“There’s a disparity in the size of these reservoirs,” said Christopher Cutler, a manager in the water and power services section of the Bureau of Reclamation. “The bigger the reservoir, the less the elevation drop will occur for the given amount of water.”
The federal agency said it had no choice but to move more water for power operations at Lake Powell’s dam after drought burned up their previous river predictions.
Lake Powell will see only 3.2 million acre-feet of natural inflow this year, just 30% of a normal year’s total, the bureau said. As part of the compact between Upper Basin states and the Lower Basin states of Nevada, California and Arizona, the bureau will release a total of 8.23 million acre-feet from Lake Powell to downriver users in 2021. The lake’s enormous pool has drained precipitously in the ongoing 22-year southwestern drought.
“Yes, the snowpack wasn’t great,” Pullan said. “But the real concern was the dry soils. And then on top of that, things just dried up.”
Water officials in western Colorado have spoken this year of soils stricken by long-term drought sucking down any runoff before it reaches streambeds, and of snowpack simply evaporating into warm air.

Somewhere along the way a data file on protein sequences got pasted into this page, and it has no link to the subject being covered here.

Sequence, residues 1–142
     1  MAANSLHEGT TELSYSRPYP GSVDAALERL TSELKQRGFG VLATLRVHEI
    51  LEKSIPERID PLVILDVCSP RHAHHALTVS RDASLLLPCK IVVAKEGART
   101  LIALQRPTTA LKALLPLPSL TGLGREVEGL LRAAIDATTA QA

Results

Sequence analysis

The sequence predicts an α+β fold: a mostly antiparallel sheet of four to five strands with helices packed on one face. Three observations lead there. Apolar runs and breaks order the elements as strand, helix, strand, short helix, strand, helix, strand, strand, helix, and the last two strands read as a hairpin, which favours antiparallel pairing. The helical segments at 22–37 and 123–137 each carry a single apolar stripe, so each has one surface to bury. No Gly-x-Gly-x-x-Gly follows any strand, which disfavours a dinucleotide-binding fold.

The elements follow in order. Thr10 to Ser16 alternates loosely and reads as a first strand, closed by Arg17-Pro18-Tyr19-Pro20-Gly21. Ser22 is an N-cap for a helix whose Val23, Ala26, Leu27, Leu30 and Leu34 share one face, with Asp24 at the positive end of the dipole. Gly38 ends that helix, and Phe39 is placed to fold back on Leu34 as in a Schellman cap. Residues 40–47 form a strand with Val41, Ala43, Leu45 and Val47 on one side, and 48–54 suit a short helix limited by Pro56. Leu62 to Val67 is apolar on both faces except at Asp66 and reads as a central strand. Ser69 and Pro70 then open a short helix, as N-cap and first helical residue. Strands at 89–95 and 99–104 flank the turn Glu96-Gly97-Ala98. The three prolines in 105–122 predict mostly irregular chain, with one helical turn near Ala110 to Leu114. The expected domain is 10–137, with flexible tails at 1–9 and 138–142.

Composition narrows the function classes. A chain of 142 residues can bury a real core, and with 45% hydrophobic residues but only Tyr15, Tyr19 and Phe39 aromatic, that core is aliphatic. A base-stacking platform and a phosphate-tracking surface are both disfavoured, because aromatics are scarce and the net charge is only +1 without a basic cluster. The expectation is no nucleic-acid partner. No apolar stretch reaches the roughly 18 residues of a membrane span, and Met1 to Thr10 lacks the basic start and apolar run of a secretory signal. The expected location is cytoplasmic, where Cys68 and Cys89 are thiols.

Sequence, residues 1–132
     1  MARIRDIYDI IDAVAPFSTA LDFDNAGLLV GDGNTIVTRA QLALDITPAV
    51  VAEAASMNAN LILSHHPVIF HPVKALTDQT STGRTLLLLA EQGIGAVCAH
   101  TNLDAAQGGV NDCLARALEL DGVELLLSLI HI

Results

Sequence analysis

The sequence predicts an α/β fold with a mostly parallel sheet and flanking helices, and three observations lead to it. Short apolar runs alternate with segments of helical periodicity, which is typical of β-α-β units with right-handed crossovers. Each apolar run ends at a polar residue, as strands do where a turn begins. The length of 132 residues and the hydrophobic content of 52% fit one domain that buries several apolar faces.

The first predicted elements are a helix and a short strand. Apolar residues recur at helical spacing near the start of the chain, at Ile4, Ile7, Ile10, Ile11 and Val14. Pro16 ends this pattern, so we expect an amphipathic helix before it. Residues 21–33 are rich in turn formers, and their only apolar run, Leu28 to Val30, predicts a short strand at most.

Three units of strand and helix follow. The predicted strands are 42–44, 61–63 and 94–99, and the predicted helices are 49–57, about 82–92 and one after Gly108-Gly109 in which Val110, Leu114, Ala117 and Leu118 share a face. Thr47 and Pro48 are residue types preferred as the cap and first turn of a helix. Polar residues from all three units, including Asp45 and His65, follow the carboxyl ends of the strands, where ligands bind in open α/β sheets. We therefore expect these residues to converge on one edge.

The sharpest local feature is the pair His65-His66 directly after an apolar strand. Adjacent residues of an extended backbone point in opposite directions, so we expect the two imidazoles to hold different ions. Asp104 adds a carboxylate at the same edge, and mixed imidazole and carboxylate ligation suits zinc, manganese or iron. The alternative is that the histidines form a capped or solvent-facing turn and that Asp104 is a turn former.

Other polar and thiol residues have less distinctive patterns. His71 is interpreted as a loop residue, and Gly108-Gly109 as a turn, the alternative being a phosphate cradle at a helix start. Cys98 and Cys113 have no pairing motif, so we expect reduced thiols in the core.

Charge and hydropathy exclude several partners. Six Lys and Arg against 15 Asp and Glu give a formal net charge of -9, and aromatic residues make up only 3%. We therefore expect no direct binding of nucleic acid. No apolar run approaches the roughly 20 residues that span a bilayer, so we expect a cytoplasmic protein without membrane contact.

Another federal report pending in August is expected to verify long-anticipated cutbacks in 2022 releases from Lake Powell and Mead to Lower Basin compact states, as the reservoirs fell below trigger levels set in the compact agreement between the seven states. Arizona will be the first to get severe cutbacks next year, expecting to lose as much as 500,000 acre-feet of water from levels it received in recent years. That will primarily mean a loss to farmers.
Impacts already being felt
Upper compact states were not supposed to be affected by 2022 cutbacks under the official agreement. But Colorado water experts say the impacts of compact “calls” are already here.
“I would say that Colorado is already facing real consequences, but so far they have been limited to the agricultural community, mostly on the West Slope, and the environment, as streams run very low and warm,” said Andy Schulteiss, executive director of the nonprofit Colorado Water Trust, which helps arrange water purchases to promote river health.
“Many ranchers and farmers have been cut off (by local providers) this year because of the extreme low flows, and many more will be in the coming months. That means their primary source of income is gone or severely limited,” Schulteiss said.
More formal compact cuts to water available in the Upper Basin states “seem inevitable and not far away,” he added.
The latest U.S. Drought Monitor puts nearly all of western Colorado in the “extreme” or “exceptional” drought categories, along with most of Nevada, Utah, Arizona and a large portion of California. Climate scientists have identified the current 20-plus years as a western “megadrought” among the worst in 1,200 years.
Federal officials announcing the partial refilling of Lake Powell Friday were asked what they will do if there’s no drought relief, and the upstream releases are not enough to last.
“We are preparing for that now, by modeling,” Cutler said. “So we’re modeling not only normal hydrology next year, but dry and extremely dry.”